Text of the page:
European politicians have to deal with the consequences of the Fourth Industrial Revolution, writes Romanian analyst Radu Magdin. If they fail, our deepest democratic fears could become reality.
At a time of massive uncertainty, the world — and especially the West — has the difficult task of putting together a robust answer to the actions of political challengers, of emboldened anti-democrats and illiberals. This entails defending what is worth preserving and changing what voters consider to be broken. The contours of a new social contract, as an obvious attempt to adapt to the new landscape brought about by the Fourth Industrial Revolution, should be an important topic of the European elections in May.
Turmoil at home kept both US President Donald Trump and French President Emmanuel Macron from attending the World Economic Forum's annual meeting in Davos, but the US and France should be on board in finding global solutions to the challenges of the Fourth Industrial Revolution. Should governments not be interested enough in preparing the future, our deepest democratic fears could become reality.
We need a new social contract
In the business world, the disruptors and innovators are admired. In politics, it's a bit of a different story: the challengers are somehow perceived with apprehension, especially since the centrist, mainstream political leaders have trouble connecting an inspirational approach with the prosaic act of governing. Look at the predicament Europe's most recent political "wunderkind" — Emmanuel Macron — is facing and contrast it with the persistent threat of the populists, who incessantly seek to reinvent themselves and broaden their message. We are caught in a game of Russian roulette, and with every set of elections in which the social contract is not being overhauled, our democratic states are becoming weaker. Slowly but surely, we lose the antibodies that allowed so much progress in the 20th century.
The dark forces are actively searching for a way to break through. Their chances of success are still quite low at the moment, but they keep rising. The herculean task is matching disruption with inclusiveness and putting both at the heart of the new social contract. Too little has been done to rebuild this foundation of our democratic arrangement.
Complacency will no longer do. A few basic principles should be taken into account by all those who attended Davos and by politicians preparing to run in the European elections in May.
Putting the economy in the service of communities
Globalization 4.0. does not work for everyone. Although the aggregate numbers could indicate a positive outcome, a more fine-grained approach reveals a great degree of heterogeneity. It is paradoxical: We talk so much about inequality, but our conceptual tools are still blinded by the idea of the average.
Understanding the disruptive potential of those left behind — the so-called losers of globalization — is key. The economy, be it national or global, does not function independently of politics. The idea that elites can perpetually frame citizens so that they can buy into all kinds of scenarios against their interests has been disproven by reality. Putting the economy in the service of our communities will be one of the essential themes of our democracies.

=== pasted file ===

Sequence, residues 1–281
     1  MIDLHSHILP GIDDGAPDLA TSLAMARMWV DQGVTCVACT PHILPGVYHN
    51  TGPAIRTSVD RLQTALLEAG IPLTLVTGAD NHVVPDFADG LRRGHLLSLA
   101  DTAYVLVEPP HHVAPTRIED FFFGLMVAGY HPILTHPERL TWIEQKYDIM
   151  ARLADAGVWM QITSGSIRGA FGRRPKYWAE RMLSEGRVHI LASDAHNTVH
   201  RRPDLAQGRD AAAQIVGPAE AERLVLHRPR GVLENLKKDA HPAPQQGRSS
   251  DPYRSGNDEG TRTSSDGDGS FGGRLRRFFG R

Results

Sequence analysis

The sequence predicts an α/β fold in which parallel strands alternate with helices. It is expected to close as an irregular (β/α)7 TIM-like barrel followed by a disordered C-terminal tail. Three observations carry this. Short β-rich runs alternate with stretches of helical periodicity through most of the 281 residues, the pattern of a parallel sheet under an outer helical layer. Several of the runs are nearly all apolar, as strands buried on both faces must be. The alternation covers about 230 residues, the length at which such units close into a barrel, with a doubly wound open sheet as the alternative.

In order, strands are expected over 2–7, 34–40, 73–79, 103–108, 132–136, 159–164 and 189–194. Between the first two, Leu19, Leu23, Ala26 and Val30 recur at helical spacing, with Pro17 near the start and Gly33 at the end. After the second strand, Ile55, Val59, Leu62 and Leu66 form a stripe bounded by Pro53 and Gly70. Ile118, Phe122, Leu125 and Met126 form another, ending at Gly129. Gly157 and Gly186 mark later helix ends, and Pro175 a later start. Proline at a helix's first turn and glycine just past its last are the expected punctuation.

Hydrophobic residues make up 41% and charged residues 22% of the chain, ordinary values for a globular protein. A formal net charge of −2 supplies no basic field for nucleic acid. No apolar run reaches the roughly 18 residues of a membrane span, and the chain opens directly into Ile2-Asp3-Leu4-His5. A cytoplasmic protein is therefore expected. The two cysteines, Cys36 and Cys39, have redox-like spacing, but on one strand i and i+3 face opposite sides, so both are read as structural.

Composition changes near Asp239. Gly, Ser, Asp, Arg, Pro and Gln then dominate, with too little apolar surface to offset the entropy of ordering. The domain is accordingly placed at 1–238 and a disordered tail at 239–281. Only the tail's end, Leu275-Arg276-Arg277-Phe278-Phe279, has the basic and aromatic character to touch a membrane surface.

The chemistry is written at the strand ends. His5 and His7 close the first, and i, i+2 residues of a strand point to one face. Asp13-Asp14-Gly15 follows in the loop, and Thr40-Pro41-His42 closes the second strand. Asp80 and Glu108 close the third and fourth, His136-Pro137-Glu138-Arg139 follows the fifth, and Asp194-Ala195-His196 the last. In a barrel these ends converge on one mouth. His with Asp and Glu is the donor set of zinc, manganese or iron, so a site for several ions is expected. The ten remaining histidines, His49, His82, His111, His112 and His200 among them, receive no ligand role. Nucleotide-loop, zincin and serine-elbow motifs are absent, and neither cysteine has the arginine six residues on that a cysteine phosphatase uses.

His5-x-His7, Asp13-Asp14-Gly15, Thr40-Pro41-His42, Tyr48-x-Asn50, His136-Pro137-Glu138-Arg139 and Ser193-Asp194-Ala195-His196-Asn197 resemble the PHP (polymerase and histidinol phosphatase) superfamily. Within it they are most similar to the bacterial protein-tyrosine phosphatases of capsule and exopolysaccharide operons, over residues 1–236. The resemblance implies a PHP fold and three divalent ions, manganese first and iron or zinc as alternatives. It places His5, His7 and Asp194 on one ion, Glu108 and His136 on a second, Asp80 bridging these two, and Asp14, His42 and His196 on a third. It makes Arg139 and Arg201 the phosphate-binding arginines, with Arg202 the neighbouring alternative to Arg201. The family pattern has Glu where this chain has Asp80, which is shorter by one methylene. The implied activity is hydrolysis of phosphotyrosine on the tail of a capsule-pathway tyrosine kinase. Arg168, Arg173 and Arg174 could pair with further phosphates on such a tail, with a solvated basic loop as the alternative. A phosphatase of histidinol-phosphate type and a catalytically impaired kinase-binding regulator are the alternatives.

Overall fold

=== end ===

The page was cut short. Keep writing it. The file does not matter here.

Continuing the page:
There is still a troubling inability to understand the future of work and the connection between work and meaning in life. With automation, and the processes it has triggered, what alternatives are available for those most likely to become the victims of this evolution? How do we make sure that there is still a place for them in our increasingly atomised and judgemental societies?
Social safety nets encourage innovation
We should stop preparing people for yesterday's jobs. This is not about one skill or another — it is very likely that in 20 years they will be obsolete — but about learning resilience and adaptation. By creating true safety nets, we should encourage people to take risks and rekindle their connection with innovation.
Finally, a fair and inclusive discussion about the funding of a new social contract is long overdue. Fiscal optimization and inequality have become a burden for democracy and this has to be acknowledged in fora bringing together national and local governments, corporations, citizens and representatives of the third sector. It would be helpful to switch to the post-WWII mode, to that kind of understanding of the political, social, and economic dynamics that in the end made the free market preachers swallow the pill of a robust welfare system. Otherwise, the internal troubles of our democratic societies will only increase the global competition and the fearful uncertainty that surrounds us.
Radu Magdin is a Romanian analyst and consultant. He worked as an honorary adviser to the Romanian prime minister (2014-2015) and also advised the Moldovan prime minister (2016-2017). Between 2007 and 2012, he worked in Brussels with the European Parliament, EurActiv and Google. He is a Forbes Romania Trendsetter and a NATO Emerging Leader with the Atlantic Council of the United States.